Million-Dollar Paint Job – /INSIDE KOENIGSEGG

Million-Dollar Paint Job – /INSIDE KOENIGSEGG

My name is Christian
Von Koenigsegg. I’m 40 years old, and for half
of my life I’ve been on the quest to be a leader in the
hypercar industry, utilizing Swedish design, combined with
visionary technical solutions. Our latest car, the Agera R, is
built in the old hangars of a former Swedish fighter
jet squadron. Their symbol, a ghost, is now
proudly painted on the back of every Koenigsegg. [MUSIC PLAYING, ENGINE
REVVING] The first thing you see when
you see any car, and especially a Koenigsegg,
of course, is the outside of the car. We actually do all our painting
of the carbon fiber pieces here, in house to make
sure we have full control of something that is
very critical. There are so many different ways
of applying a clear coat or paint to a car that we really
feel that we want to control that process as it
is an integral part of what the car is. So this is our body
pre-fit station. Prior to that the panels
go into the paint shop. Here we make sure everything
lines up perfect. If you look at the front of this
car, it’s going to have a clear carbon center section. But here it’s going
to be paint. So you can actually see
different types of carbon fiber, depending if it’s going
to be visible carbon or not. As we don’t want this kind of
heavy fabric weave underneath a painted surface, because it
can give print-through, through the paint over
years of time. This is actually chassis
number 99. And over there, we have
chassis number 100. So we’re very happy that we’re
getting to the point of almost having built 100 cars. It’s not far off. A lot of the work in the paint
process is about masking, making sure you don’t get paint
or clear coat where it’s not supposed to be. Especially if you have these
more complex body parts with clear-coat carbon, with
pinstriping on, and so on. Probably the most time-consuming
part is the masking process. On and off, many times on each
panel, to get all the different layers, colors, and
schemes onto the parts. So what we’re seeing here is
hand cutting of masking tape. Here we can see a rear
bonnet in process. It’s all masked up. You can see these vents here
are all covered, because they’re going to be clear
carbon carbon fiber. Also the center part, here, this
here is also clear carbon carbon fiber, while this is a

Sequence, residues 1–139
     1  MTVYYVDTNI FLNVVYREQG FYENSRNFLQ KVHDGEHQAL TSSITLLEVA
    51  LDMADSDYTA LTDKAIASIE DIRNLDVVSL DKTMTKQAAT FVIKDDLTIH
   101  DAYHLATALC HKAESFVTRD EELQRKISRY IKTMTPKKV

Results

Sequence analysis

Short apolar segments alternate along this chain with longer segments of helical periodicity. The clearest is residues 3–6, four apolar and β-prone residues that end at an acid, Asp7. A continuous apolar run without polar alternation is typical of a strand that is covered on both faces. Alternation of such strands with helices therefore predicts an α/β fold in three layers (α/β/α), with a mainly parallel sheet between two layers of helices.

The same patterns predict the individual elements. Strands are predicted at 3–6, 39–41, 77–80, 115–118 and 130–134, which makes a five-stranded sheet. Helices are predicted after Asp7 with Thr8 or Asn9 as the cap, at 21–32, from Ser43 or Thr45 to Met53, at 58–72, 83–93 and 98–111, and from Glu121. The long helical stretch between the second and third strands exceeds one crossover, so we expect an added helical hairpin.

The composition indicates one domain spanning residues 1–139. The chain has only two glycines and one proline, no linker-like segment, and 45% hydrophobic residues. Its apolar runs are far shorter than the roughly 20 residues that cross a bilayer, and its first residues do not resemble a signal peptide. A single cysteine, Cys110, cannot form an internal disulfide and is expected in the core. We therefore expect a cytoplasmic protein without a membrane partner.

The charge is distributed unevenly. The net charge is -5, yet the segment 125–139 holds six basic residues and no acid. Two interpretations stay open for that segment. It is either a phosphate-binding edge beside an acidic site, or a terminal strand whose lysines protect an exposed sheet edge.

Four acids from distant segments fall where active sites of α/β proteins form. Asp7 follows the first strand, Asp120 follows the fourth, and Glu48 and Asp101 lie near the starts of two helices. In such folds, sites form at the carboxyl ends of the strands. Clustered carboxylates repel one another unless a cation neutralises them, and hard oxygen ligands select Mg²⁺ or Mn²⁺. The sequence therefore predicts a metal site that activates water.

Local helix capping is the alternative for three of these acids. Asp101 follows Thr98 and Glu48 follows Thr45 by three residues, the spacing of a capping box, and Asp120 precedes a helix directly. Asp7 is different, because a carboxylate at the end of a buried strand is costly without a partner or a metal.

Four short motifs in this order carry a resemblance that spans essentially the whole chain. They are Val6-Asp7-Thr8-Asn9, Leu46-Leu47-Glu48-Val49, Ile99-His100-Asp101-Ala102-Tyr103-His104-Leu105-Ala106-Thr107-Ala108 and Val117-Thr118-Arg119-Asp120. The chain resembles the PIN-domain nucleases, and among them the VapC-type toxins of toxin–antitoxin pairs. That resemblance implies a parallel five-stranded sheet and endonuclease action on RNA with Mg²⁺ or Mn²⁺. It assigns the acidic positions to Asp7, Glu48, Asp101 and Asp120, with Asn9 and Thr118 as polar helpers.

solid white paint that’s going to get sanded down
a little bit. And then another layer of–
well, the finishing layer is actually a pearlescent layer,
to get a deeper, more interesting effect of white
than just plain white. So this is probably halfway
through the process right now. One important [INAUDIBLE] for
a car that is a collectible item, or that will last for a
very long time, and many, many years, is that you have a
durable paint finish. And I would say also that the
clear coat layer on top of the paint is thick enough to take a
lot of polishing and rubbing and buffing, without becoming
too thin over time. So the clear coat layer on our
car is about 150 microns thick, which is about three
times thicker than you would find on a normal car. What that enables is that when
we polish the car here, we can already make it a really nice
flat finish surface, with basically no orange
peel whatsoever. Let’s say large car
manufacturers, they are happy to build in a little bit of
orange peel to make sure that any imperfection underneath the
paint, from the panels, does not show through. It’s hidden with the
orange peel effect. But we don’t want any
such excuses. And we spend the time,
basically, to flatten the top surface of the clear coat
to get the wet look. And as the clear coat
is so thick, it’s also very deep looking. To have this amount of clear
coat on a car actually adds a little bit of weight, which
we are very wary of. But still, I would say it’s
weight in the right place. And we’re only talking one, one
and a half kilos in total, to have this type of finish,
compared to a standard, duller finish with orange peel. And this particular car we’re
looking at is one of the more extreme ones, as it has actually
a visible carbon fiber skin through
the clear coat. And not only that, the
clear coat is tinted with a green tint. And not only that, actually,
it’s even multicolored. Because here we have the normal
carbon fiber look with just a clear coat on top of
it, and here we have the tinted clear coat. And in between we have a
pearl effect stripe. And what’s pretty amazing is
that these layers, of course, are done step by step
at different times to get this effect. And still, when you feel it
here, there’s no step whatsoever in the surface. And to get that kind of result
with these different colorings and layers and inlays of colors,
without having any kind of side effect
showing up takes a massive amount of work. So just polishing all the